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Thursday, September 23, 2010

Preventive care services will save lives

This post was written by Valerie Arkoosh, MD, MPH, President of the National Physicians Alliance.

Today is a watershed moment for America’s families.  While the significance of this day may come on slowly, it marks the point from which all new health insurance plans must provide no-cost preventive care.  Proven preventive services – like mammograms, blood pressure and cholesterol tests, flu vaccinations, and well-baby care – will no longer include a co-pay, co-insurance, deductible, or other charge.

Why is this so significant?  There are two primary reasons. 

First, regular access to preventive care is one of the best ways to head off disease and prevent late-stage illness.  Finding an illness in its early stages makes its progression much easier to prevent.  And, diseases caught early are significantly cheaper and easier to treat than advanced diseases.

Second, even small co-pays and limited co-insurance deter Americans from accessing necessary preventive care.  Study after study shows that patients may avoid a check-up or filling a prescription if it involves a co-pay, even one as small as $15.  One study published in The New England Journal of Medicine found that a co-pay of $12.50 was sufficient to deter women from getting regular mammograms.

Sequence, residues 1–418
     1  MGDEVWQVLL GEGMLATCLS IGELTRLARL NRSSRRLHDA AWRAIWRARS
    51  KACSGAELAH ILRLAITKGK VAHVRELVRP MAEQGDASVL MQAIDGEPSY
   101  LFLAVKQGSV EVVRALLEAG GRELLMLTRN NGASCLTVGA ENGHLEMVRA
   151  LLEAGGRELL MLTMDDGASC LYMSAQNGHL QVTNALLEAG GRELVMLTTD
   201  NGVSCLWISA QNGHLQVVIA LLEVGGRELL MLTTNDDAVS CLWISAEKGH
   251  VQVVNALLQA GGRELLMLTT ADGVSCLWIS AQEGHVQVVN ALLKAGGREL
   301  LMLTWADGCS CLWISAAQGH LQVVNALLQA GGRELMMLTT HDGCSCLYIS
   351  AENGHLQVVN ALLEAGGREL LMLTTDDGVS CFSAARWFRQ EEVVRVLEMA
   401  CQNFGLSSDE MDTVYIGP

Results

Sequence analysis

Too often, tests are avoided or appointments canceled because of costs.  Yet, health insurance is often so complicated that a patient can’t easily predict how much a doctor’s visit will cost; what the co-pays for generic or brand name drugs will be, whether a provider is in-network or out-of-network (and what that means for co-insurance rates), or even whether or not you’ve paid down your deductibles. 

Many American families are on fixed incomes.  Many more are being vigilant about their expenses, working to expand their savings.  With back-to-school costs, birthdays, and other fluctuating expenses, it is no wonder that a $10 co-pay or 20% co-insurance may just be enough to deter hard working people from getting regularly scheduled preventive care on time, or at all.

The improvements in access to preventive care taking effect on Sept. 23rd are bringing assurance and a sense of security to families and patients.  The changes will improve health by removing an often-significant financial barrier to regular preventive care.  This will not only save money for individuals, it will save lives.

Click here for more information.  For a list of covered services, click here.


This post was written by Valerie Arkoosh, MD, MPH, President of the National Physicians Alliance.